The International Swaps and Derivatives Association, Inc. (ISDA) recently conducted its 2010 ISDA Margin Survey. Over the last ten years, the number of executed collateral agreements has grown from 12,000 to over 170,000, with the estimated amount of collateral in circulation growing from $200 billion to over $3.2 trillion, and 83% are bilateral. Much of the tracking and application of collateral (and its expiration) is still conducted in spreadsheets, with the potential for manual error and/or incorrect calculation. This can lead to the belief that credit reserves are adequate when they’re not, or increased trading that is not supported by accurate and enforceable risk-mitigation provisions. Automation and audit-ability of the recording, maintenance, and calculation of collateral and margining is critical to meet the growing demand. Under Dodd-Frank, evolving requirements for minimums, timeliness, and collateral type will likely increase. Investments in this area support the business and help to avoid the next company going down because it couldn’t meet liquidity demands.
Credit Rating Agency Independence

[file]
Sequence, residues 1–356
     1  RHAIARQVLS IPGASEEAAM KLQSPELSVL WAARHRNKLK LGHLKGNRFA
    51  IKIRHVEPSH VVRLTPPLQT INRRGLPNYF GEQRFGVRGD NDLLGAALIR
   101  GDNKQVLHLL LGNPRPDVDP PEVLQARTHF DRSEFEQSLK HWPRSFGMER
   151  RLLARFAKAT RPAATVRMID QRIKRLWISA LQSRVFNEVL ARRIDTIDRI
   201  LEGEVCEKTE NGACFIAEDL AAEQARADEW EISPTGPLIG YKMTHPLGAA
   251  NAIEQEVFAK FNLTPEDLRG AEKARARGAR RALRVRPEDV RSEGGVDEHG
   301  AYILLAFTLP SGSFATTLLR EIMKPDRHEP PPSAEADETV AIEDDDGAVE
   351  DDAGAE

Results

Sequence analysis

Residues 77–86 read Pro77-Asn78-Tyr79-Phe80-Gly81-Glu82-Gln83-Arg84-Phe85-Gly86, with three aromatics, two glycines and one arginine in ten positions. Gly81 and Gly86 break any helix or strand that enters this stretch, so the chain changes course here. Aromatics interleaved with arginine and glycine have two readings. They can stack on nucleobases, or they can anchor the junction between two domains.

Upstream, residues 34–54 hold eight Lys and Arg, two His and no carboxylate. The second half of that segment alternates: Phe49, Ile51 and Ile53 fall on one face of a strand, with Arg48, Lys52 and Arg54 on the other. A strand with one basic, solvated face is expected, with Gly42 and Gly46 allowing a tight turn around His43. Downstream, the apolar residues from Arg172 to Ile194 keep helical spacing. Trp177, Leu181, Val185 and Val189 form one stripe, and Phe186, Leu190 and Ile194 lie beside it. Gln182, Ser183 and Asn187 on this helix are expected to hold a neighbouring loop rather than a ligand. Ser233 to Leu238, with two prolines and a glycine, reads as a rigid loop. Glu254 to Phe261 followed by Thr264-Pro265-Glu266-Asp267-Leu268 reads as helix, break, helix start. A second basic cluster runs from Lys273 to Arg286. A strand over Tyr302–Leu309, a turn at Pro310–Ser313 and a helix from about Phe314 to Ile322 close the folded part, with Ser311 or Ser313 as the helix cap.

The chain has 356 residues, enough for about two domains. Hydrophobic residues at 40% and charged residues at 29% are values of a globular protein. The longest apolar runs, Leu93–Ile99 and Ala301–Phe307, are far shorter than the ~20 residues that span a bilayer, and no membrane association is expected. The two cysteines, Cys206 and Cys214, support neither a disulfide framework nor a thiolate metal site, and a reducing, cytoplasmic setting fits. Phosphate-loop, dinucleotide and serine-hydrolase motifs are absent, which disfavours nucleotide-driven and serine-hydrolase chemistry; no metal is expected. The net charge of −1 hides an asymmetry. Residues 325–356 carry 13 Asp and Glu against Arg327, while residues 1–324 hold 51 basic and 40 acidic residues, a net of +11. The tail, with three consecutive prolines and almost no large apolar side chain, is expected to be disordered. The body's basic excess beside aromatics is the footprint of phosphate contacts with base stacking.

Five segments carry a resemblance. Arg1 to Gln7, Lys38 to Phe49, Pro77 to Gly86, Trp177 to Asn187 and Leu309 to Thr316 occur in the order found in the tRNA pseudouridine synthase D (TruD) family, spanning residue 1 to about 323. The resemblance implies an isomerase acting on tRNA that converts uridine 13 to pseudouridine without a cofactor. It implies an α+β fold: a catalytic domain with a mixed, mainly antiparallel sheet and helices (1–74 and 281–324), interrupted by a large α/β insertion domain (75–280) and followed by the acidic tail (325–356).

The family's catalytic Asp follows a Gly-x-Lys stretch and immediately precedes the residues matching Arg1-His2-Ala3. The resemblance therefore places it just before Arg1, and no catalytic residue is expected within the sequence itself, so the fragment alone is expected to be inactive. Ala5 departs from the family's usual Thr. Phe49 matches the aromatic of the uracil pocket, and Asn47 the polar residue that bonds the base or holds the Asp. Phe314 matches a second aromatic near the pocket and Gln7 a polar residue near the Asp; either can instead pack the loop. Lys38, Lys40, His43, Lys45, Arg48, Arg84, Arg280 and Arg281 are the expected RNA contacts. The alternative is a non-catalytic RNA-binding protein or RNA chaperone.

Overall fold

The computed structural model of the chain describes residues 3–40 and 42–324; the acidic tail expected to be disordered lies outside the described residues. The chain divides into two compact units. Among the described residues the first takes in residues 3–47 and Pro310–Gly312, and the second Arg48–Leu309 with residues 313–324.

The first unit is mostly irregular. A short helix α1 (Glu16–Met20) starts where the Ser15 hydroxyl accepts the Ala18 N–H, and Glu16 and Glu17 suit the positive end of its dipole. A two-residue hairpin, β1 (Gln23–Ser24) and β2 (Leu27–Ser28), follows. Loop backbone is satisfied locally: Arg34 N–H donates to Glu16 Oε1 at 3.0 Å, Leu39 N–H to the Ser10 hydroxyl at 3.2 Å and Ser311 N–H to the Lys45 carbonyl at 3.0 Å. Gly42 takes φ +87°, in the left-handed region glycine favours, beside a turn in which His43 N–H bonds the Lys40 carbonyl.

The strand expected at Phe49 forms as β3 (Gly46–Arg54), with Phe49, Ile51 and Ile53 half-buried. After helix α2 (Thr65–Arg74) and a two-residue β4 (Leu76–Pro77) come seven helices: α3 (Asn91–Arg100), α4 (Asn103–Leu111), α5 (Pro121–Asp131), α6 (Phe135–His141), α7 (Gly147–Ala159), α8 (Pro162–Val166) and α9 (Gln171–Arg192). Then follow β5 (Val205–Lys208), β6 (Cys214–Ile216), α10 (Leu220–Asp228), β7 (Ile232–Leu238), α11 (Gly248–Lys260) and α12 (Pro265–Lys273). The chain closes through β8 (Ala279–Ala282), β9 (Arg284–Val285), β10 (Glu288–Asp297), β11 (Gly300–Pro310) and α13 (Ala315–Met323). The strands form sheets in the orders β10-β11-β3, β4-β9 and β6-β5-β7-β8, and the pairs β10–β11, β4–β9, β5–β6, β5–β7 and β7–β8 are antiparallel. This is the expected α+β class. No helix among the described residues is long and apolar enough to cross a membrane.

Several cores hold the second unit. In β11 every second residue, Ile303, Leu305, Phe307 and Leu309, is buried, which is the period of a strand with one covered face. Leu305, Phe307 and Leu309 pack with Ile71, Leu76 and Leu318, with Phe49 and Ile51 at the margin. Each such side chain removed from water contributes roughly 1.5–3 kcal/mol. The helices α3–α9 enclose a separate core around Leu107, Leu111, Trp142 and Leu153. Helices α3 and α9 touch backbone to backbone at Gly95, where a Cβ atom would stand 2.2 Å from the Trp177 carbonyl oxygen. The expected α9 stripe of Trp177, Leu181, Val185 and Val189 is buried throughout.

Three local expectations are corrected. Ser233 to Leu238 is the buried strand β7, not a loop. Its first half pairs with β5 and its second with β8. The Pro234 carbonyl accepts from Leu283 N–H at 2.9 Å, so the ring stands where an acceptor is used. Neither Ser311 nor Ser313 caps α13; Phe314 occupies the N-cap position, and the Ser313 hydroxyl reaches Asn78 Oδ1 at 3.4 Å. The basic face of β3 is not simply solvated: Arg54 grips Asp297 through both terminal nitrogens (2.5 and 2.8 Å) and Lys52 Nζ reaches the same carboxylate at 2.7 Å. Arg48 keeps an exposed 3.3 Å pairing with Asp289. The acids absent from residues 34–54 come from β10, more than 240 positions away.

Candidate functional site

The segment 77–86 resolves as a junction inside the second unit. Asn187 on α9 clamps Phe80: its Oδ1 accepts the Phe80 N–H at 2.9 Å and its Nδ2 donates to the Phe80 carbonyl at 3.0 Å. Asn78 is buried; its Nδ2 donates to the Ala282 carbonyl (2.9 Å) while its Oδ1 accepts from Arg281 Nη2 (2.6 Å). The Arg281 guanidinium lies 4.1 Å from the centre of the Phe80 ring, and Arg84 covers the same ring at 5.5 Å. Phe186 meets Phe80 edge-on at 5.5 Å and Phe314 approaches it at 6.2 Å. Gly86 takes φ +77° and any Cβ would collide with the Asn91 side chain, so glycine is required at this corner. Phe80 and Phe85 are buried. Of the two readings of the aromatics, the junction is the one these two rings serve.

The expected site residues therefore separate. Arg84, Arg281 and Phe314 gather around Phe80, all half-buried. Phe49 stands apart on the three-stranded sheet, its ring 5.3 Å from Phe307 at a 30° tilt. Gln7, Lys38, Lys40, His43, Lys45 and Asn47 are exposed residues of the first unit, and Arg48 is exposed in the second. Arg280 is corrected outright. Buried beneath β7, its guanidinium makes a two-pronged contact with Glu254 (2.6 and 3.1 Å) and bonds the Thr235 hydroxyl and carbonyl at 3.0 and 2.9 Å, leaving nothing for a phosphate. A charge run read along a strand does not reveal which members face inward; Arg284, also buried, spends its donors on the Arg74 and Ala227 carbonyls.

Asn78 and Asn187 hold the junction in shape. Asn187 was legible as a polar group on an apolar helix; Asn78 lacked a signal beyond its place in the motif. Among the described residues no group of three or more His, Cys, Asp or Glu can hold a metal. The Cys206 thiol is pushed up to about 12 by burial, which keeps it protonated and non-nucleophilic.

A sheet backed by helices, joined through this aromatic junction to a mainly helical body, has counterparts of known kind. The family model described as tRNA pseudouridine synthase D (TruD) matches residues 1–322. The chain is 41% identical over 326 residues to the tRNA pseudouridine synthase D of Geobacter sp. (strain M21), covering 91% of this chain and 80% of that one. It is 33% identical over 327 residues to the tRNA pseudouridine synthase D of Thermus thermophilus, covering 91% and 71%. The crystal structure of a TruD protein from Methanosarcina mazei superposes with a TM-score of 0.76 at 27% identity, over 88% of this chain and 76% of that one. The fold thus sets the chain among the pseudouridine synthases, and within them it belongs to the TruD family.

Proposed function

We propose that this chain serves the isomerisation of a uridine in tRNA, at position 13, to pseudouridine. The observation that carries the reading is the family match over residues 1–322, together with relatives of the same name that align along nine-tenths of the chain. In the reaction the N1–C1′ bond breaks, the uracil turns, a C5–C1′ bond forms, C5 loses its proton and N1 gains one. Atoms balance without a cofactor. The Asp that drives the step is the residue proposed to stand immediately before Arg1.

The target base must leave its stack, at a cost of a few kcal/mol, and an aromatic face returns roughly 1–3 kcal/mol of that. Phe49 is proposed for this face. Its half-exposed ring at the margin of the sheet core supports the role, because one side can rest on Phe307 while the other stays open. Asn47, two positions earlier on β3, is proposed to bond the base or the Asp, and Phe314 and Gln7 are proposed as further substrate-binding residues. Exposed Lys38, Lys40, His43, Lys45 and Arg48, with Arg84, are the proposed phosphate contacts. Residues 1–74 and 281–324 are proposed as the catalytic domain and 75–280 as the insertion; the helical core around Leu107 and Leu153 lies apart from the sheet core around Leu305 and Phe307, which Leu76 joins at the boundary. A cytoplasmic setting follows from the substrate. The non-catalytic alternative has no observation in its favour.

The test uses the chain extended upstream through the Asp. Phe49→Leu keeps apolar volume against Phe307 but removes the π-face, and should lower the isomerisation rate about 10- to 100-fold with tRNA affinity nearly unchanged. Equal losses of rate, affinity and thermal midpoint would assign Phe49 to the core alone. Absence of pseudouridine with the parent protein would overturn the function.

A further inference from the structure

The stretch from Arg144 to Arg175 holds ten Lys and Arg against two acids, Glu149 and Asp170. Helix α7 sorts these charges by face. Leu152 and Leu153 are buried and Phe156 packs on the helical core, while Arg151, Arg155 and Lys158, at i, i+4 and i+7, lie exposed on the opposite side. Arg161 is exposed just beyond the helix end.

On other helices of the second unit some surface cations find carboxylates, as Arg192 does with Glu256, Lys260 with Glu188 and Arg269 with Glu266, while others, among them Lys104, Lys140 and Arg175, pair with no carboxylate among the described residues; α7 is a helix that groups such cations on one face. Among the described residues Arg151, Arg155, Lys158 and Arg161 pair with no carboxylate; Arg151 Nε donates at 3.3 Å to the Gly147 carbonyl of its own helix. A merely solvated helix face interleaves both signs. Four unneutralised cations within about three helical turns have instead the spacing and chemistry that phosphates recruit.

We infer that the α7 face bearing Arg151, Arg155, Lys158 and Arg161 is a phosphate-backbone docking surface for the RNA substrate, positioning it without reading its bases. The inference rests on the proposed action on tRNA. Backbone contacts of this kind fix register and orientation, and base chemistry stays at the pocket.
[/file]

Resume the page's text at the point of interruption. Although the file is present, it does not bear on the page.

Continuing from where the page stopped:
Similar to auditing, paying a company to review your own business and provide a rating can represent a potential conflict of interest. And yet, critical decisions on billions of dollars of investments and contingent collateral requirements are based on those same ratings. If you look to the consumer sector, where credit bureaus like TransUnion, Equifax, and Experian provide FICO credit scores, revenue comes from the requestor of the score—individuals do not pay for their own evaluation. Even with the 2006 Credit Rating Agency Reform Act and the SEC implementation in 2007 of the Oversight of Credit Rating Agencies Registered as Nationally Recognized Statistical Rating Organization, NRSRO’s still rely on an “issuer-pays” business model. These ratings are too important to take a chance– a subscription-based model would provide significant independence. Recent reforms mandated by the Dodd-Frank act (Title IX, Subtitle C) look to address the oversight and regulation of rating agencies, but it is still unclear how far and deep the changes will go. Market leading organizations will pay close attention and provide comments to the rule making process to ensure reform delivers comprehensive, sustained results.